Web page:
Cannabinoid Signaling Plays Role In Regulation Of Microglial Activity

The cannabinoid 1 receptor appears to act as a kind of “sensor” with which neurons measure and control the activity of certain immune cells in the brain, a recent study from the University of Bonn indicates. If this sensor function fails, chronic inflammation may result — probably representing the beginning of a dangerous vicious circle.

The so-called CB1 receptor is responsible for the intoxicating effect of cannabis. Pharmacological studies have also shown a significant effect of cannabinoids on microglial activity.

The activity of microglial cells plays an important role in brain aging. These cells are part of the brain’s immune defense; they detect and digest bacteria, for example, but also eliminate diseased or defective nerve cells. They also use messenger substances to alert other defense cells and thus initiate a concerted campaign to protect the brain: an inflammation.

Inflammatory Brake Signals

This protective mechanism has undesirable side effects — it can also cause damage to healthy brain tissue. Inflammations are therefore usually strictly controlled.

“We know that so-called endocannabinoids play an important role in this. These are messenger substances produced by the body that act as a kind of brake signal. They prevent the inflammatory activity of the glial cells.”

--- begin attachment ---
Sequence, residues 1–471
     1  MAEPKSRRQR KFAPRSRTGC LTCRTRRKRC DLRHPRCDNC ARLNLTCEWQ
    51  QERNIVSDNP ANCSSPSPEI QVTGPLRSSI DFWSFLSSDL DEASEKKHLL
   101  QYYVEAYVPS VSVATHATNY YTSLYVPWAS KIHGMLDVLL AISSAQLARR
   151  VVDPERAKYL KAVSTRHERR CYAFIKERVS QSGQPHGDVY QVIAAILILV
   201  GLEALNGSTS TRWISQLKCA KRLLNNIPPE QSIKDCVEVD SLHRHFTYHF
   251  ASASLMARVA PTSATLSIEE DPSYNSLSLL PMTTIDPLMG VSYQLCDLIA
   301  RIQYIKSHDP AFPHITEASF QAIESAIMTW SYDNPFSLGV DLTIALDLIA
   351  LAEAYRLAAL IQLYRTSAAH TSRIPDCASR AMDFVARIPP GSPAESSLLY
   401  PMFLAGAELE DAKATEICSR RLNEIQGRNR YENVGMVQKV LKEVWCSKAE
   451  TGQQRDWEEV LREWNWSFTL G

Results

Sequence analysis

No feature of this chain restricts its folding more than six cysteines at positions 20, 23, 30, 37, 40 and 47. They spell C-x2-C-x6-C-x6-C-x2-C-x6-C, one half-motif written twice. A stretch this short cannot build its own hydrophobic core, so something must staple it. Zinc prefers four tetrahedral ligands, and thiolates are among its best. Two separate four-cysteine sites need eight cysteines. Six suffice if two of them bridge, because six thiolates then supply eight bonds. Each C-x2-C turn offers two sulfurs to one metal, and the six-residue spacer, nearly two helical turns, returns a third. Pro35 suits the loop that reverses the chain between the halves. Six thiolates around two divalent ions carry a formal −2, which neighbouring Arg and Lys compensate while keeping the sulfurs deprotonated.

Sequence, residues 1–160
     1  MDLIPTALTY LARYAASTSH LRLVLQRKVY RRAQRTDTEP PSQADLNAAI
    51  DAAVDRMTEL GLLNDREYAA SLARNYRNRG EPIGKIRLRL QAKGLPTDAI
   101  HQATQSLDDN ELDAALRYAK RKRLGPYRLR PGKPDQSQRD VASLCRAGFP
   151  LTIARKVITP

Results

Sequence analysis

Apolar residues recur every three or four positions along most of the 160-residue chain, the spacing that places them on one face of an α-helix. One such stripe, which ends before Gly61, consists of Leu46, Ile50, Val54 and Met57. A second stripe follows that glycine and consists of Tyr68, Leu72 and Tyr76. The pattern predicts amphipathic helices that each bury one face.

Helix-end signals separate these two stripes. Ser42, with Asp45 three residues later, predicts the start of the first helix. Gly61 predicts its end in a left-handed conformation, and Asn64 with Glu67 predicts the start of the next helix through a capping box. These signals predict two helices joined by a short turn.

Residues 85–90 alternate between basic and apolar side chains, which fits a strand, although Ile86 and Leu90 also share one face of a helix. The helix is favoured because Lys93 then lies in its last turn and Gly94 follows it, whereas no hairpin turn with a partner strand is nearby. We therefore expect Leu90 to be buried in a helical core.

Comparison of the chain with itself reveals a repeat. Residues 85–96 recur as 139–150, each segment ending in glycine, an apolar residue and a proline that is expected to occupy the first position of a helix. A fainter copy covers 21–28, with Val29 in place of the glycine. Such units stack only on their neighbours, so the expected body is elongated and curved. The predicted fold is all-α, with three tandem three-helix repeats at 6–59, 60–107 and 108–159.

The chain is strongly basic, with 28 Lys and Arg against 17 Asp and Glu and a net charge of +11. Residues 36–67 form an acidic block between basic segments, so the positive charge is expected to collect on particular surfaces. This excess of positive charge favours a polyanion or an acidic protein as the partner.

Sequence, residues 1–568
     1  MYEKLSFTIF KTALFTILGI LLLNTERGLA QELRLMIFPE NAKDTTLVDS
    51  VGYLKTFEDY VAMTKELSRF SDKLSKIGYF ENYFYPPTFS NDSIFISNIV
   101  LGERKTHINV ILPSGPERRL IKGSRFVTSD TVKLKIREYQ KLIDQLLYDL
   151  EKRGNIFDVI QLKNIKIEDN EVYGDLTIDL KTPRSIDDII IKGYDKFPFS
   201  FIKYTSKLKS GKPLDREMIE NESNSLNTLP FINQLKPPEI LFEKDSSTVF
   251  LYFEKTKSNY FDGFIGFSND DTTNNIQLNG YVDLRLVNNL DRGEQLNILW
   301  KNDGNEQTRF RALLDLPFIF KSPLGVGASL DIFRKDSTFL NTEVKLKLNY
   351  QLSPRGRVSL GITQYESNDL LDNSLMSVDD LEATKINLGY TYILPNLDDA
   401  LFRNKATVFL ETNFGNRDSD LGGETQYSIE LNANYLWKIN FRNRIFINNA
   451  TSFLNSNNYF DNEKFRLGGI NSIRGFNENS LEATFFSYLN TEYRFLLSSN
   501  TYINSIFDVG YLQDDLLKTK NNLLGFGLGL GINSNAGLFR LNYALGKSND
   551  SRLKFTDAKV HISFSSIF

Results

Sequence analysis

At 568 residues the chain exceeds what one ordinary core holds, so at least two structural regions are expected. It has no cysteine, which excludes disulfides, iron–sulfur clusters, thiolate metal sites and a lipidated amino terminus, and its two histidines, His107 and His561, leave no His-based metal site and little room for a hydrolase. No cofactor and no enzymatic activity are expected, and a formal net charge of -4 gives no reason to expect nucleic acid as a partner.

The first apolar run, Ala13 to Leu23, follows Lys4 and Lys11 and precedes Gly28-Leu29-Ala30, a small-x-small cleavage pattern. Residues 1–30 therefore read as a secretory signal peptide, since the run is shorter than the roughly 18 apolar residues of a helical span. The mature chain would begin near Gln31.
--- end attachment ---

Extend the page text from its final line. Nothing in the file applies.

explained Dr. Andras Bilkei-Gorzo from the Institute of Molecular Psychiatry at the University of Bonn.

Endocannabinoids develop their effect by binding to special receptors. There are two different types called CB1 and CB2.

“However, microglial cells have virtually no CB1 and a very low level of CB2 receptors. And yet they react to the corresponding brake signals. Why this is the case has been puzzling so far,”

said Bilkei-Gorzo.

Middlemen Neurons

The scientists at the University of Bonn have now been able to shed light on this puzzle. Their findings indicate that the brake signals do not communicate directly with the glial cells, but via middlemen — a certain group of neurons, because this group has a large number of CB1 receptors.

“We have studied laboratory mice in which the receptor in these neurons was switched off,” explained Bilkei-Gorzo. “The inflammatory activity of the microglial cells was permanently increased in these animals.”

In contrast, in control mice with functional CB1 receptors, the brain’s own defense forces were normally inactive.

Representative microphotograph of Iba1 immunostaining (red) and DAPI fluorescence showing cell nuclei

(A) Representative microphotograph of Iba1 immunostaining (red) and DAPI fluorescence showing cell nuclei (blue) in the hippocampus of WT and GABA/CB1−/− mice 24 h after four times daily intraperitoneal LPS injections.
(I) Low magnification image, the scale bar represents 100 μm. White quadrant shows the region presented as high magnification image.
(II) High magnification image, the scale bar represents 25 μm. so—stratum oriens; sp—stratum pyramidale; sr—stratum radiatum; slm—stratum lacunosum moleculare; sg—stratum granulosum. Density of Iba1-positive (Iba1+) microglia cells in the hippocampus of WT and GABA/CB1−/− mice